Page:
EQ is one of the most fundamental processes in mixing—shaping the tone of instruments and voices is one of the most important tools for both bringing out the best in individual tracks and making sure everything blends together optimally in the mix. Once you’ve been working with EQ for a time, you begin to get a good sense of how much to apply and what frequencies need to be adjusted, but there are still a few pitfalls that can trip you up. Here a few suggestions for avoiding some of those potential gotchas.
One of the most common problems with many mixes done in smaller project and home studio spaces is the low end. Big-ticket studios are acoustically treated to provide a more neutral response for the critical low frequencies, but smaller setups often suffer from uneven and misleading low-end response. This can be a result of both frequency-response limitations of the speakers and the effects of the room (standing waves) on the bottom end.
When the system is giving an inaccurate picture of the lows in the mix, any EQ applied in that range becomes suspect, and can often do as much harm as good—you may end up applying EQ to compensate for problems in the particular monitoring environment, which will work against the mix when it’s heard in other locations that don’t share those same low-end irregularities. Couple that with the tendency of mixers to push the low end when monitoring at medium-low levels, and you’ve got a recipe for problems.
Audio Example 1—A mix with too much low end applied to the kick drum and bass tracks:
It’s important to try to reduce any negative effect of the speakers and room on the neutrality of the frequency response, ideally with physical treatments (proper speaker positioning, bass traps), but when this can’t supply a totally even response (which it probably won’t, in most cases!), then it’s imperative to get to know the room’s low-end response, by listening to appropriate reference tracks of commercial mixes. If you can get in your head what your system & room’s low-end should sound like on well-mixed, well-balanced material, you can mix to that balance, which will help those mixes “travel” better (sound good on other systems).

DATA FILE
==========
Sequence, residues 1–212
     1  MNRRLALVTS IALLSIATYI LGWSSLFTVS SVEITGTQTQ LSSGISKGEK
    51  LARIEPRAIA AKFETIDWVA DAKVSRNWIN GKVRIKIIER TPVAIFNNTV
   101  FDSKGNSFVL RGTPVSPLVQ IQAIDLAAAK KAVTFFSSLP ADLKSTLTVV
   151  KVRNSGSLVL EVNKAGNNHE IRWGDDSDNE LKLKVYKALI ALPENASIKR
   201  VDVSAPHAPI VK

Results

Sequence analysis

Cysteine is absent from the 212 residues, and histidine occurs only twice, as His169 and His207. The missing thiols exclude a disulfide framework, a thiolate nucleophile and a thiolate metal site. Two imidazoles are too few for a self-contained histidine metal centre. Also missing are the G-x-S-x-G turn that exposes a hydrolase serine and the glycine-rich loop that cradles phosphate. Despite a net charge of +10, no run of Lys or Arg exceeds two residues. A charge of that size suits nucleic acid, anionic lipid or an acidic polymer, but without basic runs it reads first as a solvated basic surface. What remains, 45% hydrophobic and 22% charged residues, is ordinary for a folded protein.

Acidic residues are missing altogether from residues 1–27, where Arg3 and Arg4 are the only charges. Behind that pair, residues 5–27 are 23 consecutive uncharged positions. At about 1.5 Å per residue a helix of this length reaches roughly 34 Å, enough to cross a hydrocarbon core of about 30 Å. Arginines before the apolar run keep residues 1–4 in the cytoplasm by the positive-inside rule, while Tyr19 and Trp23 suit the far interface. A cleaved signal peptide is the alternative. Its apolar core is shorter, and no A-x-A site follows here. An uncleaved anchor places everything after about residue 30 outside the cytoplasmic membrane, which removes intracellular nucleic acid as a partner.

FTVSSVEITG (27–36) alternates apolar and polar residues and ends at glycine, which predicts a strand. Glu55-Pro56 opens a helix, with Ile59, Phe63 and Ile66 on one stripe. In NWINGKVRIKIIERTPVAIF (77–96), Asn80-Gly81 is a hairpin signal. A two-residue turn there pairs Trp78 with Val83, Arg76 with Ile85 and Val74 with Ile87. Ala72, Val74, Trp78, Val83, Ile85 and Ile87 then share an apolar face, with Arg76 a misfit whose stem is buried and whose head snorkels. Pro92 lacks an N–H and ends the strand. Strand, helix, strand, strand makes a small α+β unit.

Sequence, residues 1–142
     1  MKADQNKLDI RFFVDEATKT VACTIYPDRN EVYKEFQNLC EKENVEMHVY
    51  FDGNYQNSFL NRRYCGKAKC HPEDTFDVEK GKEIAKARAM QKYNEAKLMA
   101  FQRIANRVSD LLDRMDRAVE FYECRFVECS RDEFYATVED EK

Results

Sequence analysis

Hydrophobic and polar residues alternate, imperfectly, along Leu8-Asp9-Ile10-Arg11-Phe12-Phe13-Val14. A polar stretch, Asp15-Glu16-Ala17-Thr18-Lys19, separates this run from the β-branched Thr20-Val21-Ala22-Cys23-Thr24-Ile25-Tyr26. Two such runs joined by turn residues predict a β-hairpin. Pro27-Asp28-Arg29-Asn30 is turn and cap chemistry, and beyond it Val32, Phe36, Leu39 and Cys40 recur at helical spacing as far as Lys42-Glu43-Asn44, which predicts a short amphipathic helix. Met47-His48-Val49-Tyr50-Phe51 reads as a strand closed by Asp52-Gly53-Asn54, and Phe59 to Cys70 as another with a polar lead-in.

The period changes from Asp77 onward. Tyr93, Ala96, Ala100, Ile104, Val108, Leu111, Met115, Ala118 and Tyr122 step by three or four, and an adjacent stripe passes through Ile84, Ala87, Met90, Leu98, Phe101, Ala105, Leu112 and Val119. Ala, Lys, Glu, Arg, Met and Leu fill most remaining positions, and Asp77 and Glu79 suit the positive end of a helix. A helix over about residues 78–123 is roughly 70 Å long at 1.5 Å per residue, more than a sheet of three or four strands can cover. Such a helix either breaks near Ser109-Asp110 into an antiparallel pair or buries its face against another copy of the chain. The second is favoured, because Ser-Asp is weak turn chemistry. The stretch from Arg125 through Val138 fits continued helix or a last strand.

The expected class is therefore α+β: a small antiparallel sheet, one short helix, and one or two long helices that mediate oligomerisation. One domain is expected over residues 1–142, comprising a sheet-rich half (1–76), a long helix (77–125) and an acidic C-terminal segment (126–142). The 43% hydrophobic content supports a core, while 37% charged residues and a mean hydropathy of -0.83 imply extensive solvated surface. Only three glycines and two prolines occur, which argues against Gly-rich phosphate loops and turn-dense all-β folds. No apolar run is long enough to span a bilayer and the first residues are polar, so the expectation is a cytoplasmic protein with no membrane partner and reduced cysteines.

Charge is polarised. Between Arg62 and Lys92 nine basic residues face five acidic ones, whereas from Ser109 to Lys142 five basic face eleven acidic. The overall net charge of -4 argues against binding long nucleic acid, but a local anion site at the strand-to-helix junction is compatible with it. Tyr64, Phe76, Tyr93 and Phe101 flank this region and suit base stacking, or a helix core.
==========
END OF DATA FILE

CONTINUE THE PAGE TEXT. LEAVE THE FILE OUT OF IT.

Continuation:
The other side of the coin is the high end. Bumping up frequencies in the upper midrange (presence) area (~ 4–8 kHz) and higher treble (~ 8–12 kHz) will add clarity and crispness to the overall sound of the mix, and, in busier mixes, help the details of the various tracks come through. But this detail and clarity is seductive—it’s easy to overdo it, resulting in an excessively bright, forward, possibly sibilant mix that can tend to induce listener fatigue. And the more you accentuate the upper end, the thinner the mix will start to sound. You don’t want to sacrifice warmth and fullness for presence and detail—these must be in good balance for the mix to sound its best.
Audio Example 2—A mix with too much high end applied to various tracks:
As a mix progresses, it’s common for more and more EQ to be added, a little bit at a time, as the elements are brought together. Our ears become accustomed to the new tonality that the EQ provides, and we forget what the track originally sounded like tonally. If the recordings are good, most instruments, and especially vocals, shouldn’t really need too much EQ (with the possible exception of drums), and the more we add, the more “hyped” and un-natural the sound can become, but we don’t realize it, because we’ve gradually gotten used to the hyped-up tone. It’s a good idea to periodically bypass the EQ and see how far away from the original tonality you’ve gotten, both with individual tracks and the full mix. Occasionally getting the sound of the raw recordings back in your ears can help to avoid this “EQ creep”, and promote the use of only as much EQ as is required, for an overall smoother, less-hyped sound.
These next two suggestions kind of go together. One thing to watch out for is that you don’t give so much attention to certain tracks that you end up over-EQing them in a way that makes them stand apart too much from the other elements in the arrangement. Now, it’s appropriate to EQ different instruments and parts differently—that’s one of the ways you’ll maintain clarity—but if certain parts end up being so bright, or so present, compared to most of the other tracks in the mix, they may seem to float above the mix rather than blend in properly, calling undue attention to themselves. This is, admittedly, a judgement call—there are times when that may be what you want, but you also don’t want, say, a rhythm guitar or keyboard pad to be overly prominent simply because you used a lot more EQ to enhance it when you had it soloed, to arrive at what you thought would be its best tone.
The key is too make sure that the tracks—the musical parts—fit together properly, not just from a technical standpoint of clarity and detail, but also musically and aesthetically. Instruments that work together as part of the arrangement, like pieces in a jigsaw puzzle, will probably work together best if they blend well together tonally, as well as level-wise.